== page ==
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Why Betting on Yourself May Be the Best Succession Plan

Posted 5:12 PM by

Curved Road

There is a chasm left in the trucking industry by the mass retirement of baby boomers – one that is struggling to be filled by the millennial generation. While this void has been felt by the entire industry as one of the contributing factors to the ongoing driver shortage, it is not the only impact the changing generation has had on transportation companies. As operators pass the baton to the next generation, it is imperative this transition is executed in a tax-efficient manner that accomplishes the ultimate goals of the company.

While foresight is not always perfect, having a realistic expectation of the future of the company can greatly impact the transition strategy. A great succession tool to consider is a grantor retained annuity trust (GRAT). GRATs allow business owners to pass ownership to successors at a fixed point in time, while accumulating the growth within a trust. GRATs can be structured to minimize any current gift value and tax.

GRATs provide trucking operators a short- or long-term exit strategy without losing immediate control, while at the same time, betting on the company’s growth. Conversely, transferring ownership that ultimately depreciates in value will result in an ineffective transfer. If future growth of the company is projected, betting on this application could save substantial tax dollars that would otherwise be subject to gift or estate tax.

A GRAT can be established by using a portion of the grantor’s lifetime gift exemption, or in the case of “zeroed-out GRATs,” none of the grantor’s lifetime exemption. The GRAT is required to make an annuity payment back to the grantor using the applicable federal rate set by the Internal Revenue Service, which is currently about 2%. This payment is usually made from distributions made by the entity so the projected cash flows of the company need to be sufficient enough to support this payment.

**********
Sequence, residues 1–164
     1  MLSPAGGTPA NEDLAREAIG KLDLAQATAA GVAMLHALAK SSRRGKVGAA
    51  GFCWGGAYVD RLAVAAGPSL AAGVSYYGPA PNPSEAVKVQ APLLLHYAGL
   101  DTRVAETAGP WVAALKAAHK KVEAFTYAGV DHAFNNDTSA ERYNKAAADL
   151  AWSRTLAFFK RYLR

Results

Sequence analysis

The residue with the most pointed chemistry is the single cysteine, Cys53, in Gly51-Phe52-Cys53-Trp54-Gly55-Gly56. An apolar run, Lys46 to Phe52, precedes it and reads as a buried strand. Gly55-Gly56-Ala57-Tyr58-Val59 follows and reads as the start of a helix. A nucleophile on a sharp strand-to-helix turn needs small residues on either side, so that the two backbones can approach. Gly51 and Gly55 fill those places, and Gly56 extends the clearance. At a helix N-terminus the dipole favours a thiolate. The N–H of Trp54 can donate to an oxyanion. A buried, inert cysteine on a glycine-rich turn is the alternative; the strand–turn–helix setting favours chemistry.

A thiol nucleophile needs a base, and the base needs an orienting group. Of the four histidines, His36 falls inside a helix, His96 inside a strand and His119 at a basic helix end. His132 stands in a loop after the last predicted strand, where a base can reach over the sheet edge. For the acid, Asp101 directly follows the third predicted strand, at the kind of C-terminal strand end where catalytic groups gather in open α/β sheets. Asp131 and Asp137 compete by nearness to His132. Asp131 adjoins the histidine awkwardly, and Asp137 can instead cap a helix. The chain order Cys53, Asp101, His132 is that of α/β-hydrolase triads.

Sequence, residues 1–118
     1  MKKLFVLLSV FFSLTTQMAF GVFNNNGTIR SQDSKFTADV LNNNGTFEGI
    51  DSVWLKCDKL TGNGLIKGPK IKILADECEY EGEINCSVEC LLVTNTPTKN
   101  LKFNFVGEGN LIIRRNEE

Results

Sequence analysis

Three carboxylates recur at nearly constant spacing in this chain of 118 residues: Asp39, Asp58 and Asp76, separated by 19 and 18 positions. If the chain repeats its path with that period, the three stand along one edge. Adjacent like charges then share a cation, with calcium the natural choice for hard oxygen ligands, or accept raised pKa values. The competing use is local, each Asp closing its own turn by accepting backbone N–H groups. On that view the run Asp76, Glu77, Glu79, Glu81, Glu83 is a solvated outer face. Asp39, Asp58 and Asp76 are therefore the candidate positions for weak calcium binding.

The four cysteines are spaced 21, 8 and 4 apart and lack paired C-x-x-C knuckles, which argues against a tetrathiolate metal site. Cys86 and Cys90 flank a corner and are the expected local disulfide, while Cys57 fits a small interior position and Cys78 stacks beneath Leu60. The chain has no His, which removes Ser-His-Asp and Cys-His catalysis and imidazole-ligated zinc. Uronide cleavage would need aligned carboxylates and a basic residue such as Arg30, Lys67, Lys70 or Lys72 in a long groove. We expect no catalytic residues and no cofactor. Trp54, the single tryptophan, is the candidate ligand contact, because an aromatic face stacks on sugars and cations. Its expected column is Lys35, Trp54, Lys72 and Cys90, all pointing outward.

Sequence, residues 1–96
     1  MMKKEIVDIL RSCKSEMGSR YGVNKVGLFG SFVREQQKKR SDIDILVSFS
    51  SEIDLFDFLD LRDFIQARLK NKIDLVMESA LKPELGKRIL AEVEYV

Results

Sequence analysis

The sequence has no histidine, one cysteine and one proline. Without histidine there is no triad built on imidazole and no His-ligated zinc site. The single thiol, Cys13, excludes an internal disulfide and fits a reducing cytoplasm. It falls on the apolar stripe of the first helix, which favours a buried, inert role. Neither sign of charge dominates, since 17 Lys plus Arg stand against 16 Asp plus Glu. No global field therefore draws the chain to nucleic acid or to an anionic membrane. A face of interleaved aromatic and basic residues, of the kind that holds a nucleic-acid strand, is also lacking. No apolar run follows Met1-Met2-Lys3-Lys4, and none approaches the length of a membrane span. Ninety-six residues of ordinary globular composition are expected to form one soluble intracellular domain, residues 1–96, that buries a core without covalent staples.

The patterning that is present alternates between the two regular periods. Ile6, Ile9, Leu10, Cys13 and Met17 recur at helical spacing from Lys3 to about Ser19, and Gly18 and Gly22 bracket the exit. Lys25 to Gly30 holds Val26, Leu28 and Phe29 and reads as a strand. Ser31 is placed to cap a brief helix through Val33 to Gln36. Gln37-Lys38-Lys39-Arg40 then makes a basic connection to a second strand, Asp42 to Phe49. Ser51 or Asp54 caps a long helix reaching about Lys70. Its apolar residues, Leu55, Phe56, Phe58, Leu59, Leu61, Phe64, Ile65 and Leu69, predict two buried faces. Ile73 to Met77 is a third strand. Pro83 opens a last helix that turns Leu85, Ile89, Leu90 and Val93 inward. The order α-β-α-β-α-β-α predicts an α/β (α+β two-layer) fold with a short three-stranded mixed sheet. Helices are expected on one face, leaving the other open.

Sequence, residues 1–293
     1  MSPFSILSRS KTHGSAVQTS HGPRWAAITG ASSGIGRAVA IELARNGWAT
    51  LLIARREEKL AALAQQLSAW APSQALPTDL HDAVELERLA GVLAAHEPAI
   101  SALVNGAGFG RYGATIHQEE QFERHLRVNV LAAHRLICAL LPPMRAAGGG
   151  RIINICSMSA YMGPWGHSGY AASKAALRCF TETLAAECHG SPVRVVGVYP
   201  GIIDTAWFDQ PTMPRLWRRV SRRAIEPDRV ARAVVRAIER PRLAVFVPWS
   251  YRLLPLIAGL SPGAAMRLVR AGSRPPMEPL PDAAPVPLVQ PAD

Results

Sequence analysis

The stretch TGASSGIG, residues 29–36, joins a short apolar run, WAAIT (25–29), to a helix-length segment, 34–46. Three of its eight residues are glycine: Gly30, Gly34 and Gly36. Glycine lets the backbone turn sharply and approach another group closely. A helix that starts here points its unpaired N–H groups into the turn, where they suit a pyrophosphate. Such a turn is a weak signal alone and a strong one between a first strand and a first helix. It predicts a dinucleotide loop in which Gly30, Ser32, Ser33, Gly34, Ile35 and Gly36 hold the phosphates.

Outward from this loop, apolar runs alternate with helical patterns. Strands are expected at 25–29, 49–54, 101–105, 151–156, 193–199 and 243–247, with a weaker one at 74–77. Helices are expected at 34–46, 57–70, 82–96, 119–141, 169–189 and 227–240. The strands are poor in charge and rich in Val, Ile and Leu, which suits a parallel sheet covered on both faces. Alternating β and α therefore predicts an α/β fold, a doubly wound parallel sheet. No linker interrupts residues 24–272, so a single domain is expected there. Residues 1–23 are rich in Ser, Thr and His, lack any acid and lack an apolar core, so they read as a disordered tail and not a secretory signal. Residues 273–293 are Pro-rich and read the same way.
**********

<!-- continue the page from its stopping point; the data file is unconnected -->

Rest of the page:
Because the trust is a grantor trust, the pass-through income related to the shares owned by the GRAT can be taxed on the grantor’s tax return. This provides greater tax planning, by keeping the value of the GRAT’s assets intact.

There are three key questions to consider with a GRAT:

  1. Will there be a taxable estate (2015 estate tax exemption is $5.43 million per individual)?
  2. Is substantial growth projected in the trucking enterprise?
  3. Is a mid- to long-term ownership transfer strategy desired?

If the answer to all of these questions is yes, this may be a strategy to consider.

Utilizing GRATs is just one of many ways to navigate a transition. Other planning opportunities such as defective grantor trusts, family limited partnerships, or employee stock ownership plans (ESOPs) could also be considered. 

This article appeared in McLeod Software's The Dispatch, August edition. 

About the Author
Randy Hooper is a director in Katz, Sapper & Miller’s Transportation Services Group. Randy helps carriers realize greater company value by advising them on corporate structure, strategic tax planning, and by providing general business guidance. Connect with him on LinkedIn.

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